Development and optimization of metagenomic next-generation sequencing methods for cerebrospinal fluid diagnostics

Patricia J. Simner, Heather B. Miller, Florian P. Breitwieser, Gabriel Pinilla Monsalve, Carlos A. Pardo, Steven L. Salzberg, Cynthia L. Sears, David L. Thomas, Charles G. Eberhart, Karen C. Carrolla

Research output: Contribution to journalArticlepeer-review

19 Scopus citations


The purpose of this study was to develop and optimize different processing, extraction, amplification, and sequencing methods for metagenomic next-generation sequencing (mNGS) of cerebrospinal fluid (CSF) specimens. We applied mNGS to 10 CSF samples with known standard-of-care testing (SoC) results (8 positive and 2 negative). Each sample was subjected to nine different methods by varying the sample processing protocols (supernatant, pellet, neat CSF), sample pretreatment (with or without bead beating), and the requirement of nucleic acid amplification steps using DNA sequencing (DNASeq) (with or without whole-genome amplification [WGA]) and RNA sequencing (RNASeq) methods. Negative extraction controls (NECs) were used for each method variation (4/CSF sample). Host depletion (HD) was performed on a subset of samples. We correctly determined the pathogen in 7 of 8 positive samples by mNGS compared to SoC. The two negative samples were correctly interpreted as negative. The processing protocol applied to neat CSF specimens was found to be the most successful technique for all pathogen types. While bead beating introduced bias, we found it increased the detection yield of certain organism groups. WGA prior to DNASeq was beneficial for defining pathogens at the positive threshold, and a combined DNA and RNA approach yielded results with a higher confidence when detected by both methods. HD was required for detection of a low-level-positive enterovirus sample. We demonstrate that NECs are required for interpretation of these complex results and that it is important to understand the common contaminants introduced during mNGS. Optimizing mNGS requires the use of a combination of techniques to achieve the most sensitive, agnostic approach that nonetheless may be less sensitive than SoC tools.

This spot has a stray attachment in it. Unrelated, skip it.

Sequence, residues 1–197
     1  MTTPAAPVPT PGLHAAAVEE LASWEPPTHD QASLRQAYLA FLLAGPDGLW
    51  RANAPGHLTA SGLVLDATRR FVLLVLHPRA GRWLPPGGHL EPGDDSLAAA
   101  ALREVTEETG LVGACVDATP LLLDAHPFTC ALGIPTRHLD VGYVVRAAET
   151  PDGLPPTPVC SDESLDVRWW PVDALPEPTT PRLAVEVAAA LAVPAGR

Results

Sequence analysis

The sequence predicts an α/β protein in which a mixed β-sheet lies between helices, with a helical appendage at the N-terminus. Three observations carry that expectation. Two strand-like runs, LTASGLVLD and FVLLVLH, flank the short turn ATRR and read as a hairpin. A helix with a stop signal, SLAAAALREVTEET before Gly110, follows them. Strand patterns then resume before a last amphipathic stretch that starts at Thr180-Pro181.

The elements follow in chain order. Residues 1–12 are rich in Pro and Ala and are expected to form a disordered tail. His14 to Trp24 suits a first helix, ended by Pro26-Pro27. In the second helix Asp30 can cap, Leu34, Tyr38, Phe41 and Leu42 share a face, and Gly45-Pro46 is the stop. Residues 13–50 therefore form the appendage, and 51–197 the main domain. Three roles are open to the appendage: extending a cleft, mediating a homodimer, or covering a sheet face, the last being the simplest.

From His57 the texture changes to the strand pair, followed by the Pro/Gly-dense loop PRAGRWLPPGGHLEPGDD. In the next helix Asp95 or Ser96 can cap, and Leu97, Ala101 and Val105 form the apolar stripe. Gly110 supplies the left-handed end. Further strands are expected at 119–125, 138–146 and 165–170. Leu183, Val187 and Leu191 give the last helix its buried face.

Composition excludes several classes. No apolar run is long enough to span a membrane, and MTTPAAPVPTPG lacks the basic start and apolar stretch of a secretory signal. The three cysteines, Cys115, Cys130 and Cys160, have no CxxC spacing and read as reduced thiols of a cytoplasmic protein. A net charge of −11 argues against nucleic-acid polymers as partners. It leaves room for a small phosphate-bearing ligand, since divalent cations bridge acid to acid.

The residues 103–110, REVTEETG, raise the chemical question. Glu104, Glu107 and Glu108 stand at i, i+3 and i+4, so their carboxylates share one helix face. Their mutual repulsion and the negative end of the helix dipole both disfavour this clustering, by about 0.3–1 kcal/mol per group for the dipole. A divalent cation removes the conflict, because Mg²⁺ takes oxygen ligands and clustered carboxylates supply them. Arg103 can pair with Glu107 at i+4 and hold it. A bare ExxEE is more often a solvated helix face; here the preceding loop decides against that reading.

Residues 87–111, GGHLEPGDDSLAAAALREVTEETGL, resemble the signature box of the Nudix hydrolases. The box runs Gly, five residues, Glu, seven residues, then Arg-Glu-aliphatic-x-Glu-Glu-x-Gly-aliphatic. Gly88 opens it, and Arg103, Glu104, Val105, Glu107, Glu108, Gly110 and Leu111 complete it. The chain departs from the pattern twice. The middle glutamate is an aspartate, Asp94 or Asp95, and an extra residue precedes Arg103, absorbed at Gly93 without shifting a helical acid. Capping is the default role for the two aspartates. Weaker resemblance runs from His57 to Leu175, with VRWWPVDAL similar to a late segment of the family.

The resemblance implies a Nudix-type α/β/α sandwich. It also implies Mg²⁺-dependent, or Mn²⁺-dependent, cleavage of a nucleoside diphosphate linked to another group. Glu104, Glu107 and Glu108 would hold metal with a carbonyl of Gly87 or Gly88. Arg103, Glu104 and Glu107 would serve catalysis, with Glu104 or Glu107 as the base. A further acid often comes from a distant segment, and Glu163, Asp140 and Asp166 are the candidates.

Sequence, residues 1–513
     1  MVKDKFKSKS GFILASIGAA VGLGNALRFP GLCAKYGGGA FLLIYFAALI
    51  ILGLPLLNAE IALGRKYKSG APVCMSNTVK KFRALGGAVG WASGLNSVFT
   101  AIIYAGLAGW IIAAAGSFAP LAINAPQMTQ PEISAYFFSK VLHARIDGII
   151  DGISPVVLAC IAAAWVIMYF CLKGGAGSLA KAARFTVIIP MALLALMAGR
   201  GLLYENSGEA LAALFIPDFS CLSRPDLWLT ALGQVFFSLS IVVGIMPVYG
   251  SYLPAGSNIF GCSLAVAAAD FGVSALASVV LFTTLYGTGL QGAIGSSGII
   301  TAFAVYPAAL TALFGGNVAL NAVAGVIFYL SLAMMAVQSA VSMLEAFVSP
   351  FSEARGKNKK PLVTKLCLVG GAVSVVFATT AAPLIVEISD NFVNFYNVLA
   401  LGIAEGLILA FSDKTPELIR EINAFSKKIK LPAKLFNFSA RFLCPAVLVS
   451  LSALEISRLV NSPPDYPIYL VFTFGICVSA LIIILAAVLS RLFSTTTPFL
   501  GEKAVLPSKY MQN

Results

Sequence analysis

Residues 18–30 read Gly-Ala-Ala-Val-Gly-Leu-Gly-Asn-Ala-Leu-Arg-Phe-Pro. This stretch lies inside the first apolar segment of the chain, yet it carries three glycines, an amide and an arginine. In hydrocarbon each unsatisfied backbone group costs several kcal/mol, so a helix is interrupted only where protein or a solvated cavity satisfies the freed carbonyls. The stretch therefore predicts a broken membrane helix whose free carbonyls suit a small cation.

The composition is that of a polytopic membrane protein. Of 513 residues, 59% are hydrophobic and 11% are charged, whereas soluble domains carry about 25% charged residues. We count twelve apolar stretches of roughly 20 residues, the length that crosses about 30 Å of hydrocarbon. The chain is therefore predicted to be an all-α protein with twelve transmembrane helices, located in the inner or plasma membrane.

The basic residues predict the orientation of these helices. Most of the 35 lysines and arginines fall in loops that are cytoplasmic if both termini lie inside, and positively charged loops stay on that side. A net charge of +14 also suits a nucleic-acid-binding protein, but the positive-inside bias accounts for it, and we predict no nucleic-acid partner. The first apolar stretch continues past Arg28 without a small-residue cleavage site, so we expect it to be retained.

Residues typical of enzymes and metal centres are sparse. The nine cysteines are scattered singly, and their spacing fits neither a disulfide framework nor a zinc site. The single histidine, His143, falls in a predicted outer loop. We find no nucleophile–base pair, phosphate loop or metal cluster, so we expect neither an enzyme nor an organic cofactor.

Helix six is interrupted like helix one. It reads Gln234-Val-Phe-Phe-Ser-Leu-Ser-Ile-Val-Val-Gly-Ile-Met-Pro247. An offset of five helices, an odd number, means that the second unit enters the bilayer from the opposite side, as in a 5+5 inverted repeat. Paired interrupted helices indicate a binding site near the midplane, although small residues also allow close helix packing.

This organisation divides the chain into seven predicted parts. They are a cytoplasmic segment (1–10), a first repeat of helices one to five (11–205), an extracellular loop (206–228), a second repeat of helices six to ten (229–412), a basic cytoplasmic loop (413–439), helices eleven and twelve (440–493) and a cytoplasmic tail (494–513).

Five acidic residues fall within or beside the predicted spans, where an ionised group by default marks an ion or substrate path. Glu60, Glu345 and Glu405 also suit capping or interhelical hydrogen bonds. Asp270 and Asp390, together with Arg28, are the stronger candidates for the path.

Original languageEnglish (US)
Article numbere00472
JournalJournal of clinical microbiology
Issue number9
StatePublished - Sep 2018


  • CSF
  • Metagenomics
  • Next-generation sequencing

ASJC Scopus subject areas

  • Microbiology (medical)


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